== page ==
While we were down in the wash, we saw MORE BIGHORN SHEEP!!!! There were at least 9 in this group, including a few little ones. The ram stepped down and stood mightily on an outcropped rock, guarding his herd by trying his best to look magnificent.
When his display only encouraged us to whip out our cell phone cameras, he came closer, doing his mountain sheep thing of balancing on the sides of cliffs. Chris kept getting closer and closer, so eventually the ram gave up and retreated.
Here’s a video of that happening; my favorite part is when the ram is standing proud but looks confused, and then looks behind him and says, “They’re not intimidated…am I doing this right? Why isn’t it working?”
With the animal excitement behind us, we continued our walk down the wash. It never slotted up much but the gravelly monotany was broken by occasional sandstone formations spilling into the watercourse, providing fun, easy “canyoneering-type” challenges. Even when it was just walking in the wash, it was a gorgeous area and well worth the effort.
I told the guys at least 3 times that I’d just spent a weekend in Zion canyoneering, but they either didn’t believe me or had no idea what canyoneering was because they insisted on helping me with every little obstacle in our path. I gave up trying to convince them that I knew what I was doing after awhile and just let them talk me through everything. Guys like to feel useful.
They were really nice, don’t get me wrong. I totally appreciate them hanging out with me while I was being slow on the way up and taking my bag when I wasn’t doing so well at breathing. They were fun to hang out with and we had a good time on the hike. One of them in particular just got way too caught up in the damsel in distress signal I put forth on the climb up and had me pegged as someone who needed to be babied. I guess it makes sense. If someone is asthma-attacking their way up a moderate hike, you aren’t really going to believe that they’re a hardcore outdoorsy person. I am nothing if not contradictory 😀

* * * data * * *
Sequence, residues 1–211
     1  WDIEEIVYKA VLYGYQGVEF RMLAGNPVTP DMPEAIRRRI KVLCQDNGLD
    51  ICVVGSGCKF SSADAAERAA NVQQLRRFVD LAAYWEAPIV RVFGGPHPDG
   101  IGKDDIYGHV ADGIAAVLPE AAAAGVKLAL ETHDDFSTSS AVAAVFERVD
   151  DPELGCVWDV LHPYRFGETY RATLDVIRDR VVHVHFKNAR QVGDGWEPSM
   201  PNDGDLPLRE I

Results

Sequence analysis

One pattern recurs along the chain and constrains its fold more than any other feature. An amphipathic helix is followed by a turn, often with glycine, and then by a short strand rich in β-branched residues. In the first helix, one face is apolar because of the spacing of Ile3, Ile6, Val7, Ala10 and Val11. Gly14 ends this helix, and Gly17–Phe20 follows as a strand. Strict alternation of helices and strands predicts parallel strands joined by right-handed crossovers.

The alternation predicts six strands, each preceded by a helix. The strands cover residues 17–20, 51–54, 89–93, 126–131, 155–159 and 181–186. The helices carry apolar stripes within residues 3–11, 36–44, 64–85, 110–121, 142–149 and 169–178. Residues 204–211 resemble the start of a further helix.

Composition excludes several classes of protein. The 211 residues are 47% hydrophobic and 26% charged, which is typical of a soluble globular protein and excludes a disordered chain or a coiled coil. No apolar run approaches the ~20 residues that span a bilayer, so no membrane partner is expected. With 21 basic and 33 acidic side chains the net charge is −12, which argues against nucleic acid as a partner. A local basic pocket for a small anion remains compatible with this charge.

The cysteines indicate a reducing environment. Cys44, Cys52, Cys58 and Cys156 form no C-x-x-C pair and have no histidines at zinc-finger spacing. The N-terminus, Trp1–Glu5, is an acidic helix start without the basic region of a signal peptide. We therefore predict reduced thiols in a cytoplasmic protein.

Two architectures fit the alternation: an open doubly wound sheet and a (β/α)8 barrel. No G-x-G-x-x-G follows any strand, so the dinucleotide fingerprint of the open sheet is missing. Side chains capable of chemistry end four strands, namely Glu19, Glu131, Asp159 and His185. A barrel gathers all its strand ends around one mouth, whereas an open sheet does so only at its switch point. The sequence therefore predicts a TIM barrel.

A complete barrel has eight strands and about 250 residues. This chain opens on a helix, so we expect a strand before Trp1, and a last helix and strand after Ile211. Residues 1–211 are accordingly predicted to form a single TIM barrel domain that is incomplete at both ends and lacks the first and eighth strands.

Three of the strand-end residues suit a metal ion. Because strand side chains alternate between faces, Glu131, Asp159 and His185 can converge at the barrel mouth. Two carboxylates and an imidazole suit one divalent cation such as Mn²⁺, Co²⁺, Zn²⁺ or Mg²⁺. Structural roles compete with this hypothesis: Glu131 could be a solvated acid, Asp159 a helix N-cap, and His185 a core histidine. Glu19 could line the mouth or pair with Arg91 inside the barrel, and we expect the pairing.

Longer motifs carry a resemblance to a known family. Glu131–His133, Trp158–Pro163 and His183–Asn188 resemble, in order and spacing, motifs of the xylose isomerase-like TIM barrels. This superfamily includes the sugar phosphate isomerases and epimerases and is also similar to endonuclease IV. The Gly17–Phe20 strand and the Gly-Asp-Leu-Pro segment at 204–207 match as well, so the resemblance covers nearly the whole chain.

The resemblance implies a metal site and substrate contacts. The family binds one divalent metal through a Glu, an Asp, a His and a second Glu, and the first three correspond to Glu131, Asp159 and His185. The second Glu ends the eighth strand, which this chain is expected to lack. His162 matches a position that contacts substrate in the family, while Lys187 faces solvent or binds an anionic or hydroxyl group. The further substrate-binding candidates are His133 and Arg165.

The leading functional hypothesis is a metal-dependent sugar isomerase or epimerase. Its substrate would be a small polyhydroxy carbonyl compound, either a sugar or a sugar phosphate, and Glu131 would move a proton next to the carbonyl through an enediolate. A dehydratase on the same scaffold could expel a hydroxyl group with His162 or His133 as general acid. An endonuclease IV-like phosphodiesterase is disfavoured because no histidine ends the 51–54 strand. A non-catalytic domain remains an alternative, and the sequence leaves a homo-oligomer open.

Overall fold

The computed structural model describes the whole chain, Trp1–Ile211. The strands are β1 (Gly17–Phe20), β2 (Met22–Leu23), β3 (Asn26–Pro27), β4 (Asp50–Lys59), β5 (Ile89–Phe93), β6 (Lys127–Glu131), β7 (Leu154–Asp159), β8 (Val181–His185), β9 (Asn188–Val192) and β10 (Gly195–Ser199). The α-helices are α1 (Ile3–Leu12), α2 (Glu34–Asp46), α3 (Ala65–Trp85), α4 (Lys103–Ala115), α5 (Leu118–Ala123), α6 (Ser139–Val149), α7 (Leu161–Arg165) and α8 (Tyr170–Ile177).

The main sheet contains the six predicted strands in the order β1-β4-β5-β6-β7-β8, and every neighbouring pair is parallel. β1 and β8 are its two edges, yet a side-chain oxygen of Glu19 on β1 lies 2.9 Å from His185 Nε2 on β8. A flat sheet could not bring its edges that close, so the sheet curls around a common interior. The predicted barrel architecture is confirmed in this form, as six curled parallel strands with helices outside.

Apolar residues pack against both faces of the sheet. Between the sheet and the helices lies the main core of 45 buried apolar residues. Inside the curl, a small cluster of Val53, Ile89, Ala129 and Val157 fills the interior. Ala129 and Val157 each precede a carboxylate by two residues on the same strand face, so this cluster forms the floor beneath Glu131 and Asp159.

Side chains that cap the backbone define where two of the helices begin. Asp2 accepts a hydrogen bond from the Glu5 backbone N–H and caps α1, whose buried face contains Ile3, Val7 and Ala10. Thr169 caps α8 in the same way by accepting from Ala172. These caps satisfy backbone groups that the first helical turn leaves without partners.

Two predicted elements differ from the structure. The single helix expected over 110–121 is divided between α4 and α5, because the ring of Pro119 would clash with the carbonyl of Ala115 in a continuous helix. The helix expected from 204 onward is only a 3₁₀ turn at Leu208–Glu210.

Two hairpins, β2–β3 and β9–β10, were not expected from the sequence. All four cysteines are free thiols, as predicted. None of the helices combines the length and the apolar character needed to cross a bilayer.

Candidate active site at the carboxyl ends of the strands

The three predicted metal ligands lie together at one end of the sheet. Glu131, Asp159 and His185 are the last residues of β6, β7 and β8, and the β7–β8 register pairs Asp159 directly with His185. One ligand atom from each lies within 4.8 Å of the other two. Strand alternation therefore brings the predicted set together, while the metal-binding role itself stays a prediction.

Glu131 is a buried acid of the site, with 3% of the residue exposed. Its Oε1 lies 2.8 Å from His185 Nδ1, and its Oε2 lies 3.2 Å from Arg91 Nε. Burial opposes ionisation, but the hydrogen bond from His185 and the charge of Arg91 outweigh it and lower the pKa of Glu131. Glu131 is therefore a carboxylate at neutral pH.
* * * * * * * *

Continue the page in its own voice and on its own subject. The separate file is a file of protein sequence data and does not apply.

There were some fun obstacles in the wash. There was a crack to stem down and when it was my turn one of the guys insisted on me putting all my weight on him and he would lower me to the ground. Confused, I tried to tell him I could just go down the way he did. In response, he tucked his arm in between my legs and wrapped it around my hip, telling me to put both arms on his shoulders and he would put me on the ground. I didn’t want to throw all 600 lbs of myself on this guy, and I wasn’t quite sure what was happening. I attempted to half put my weight on him and half stem down, which resulted in a very uncomfortable situation involving that arm he’d put in between my legs. I kind of fell onto him at the bottom of the crack and we dusted ourselves off and pretended that nothing out of the ordinary had happened.
And there was a slide that we had to…well, slide down. And The Tunnel, which I had hopes of being like…a tunnel. It was probably the least cool rock tunnel I’d ever seen, but the boys were thrilled to show it to me and “helped” me down the basic scramble. Yup, they had no idea what canyoneering was.
But I had a good time; the group was fun, the hike was tough (without almost killing me!), the scenery was beautiful. I went home, drank a gallon of water, and had a long, wonderful afternoon nap. Happy Friday 🙂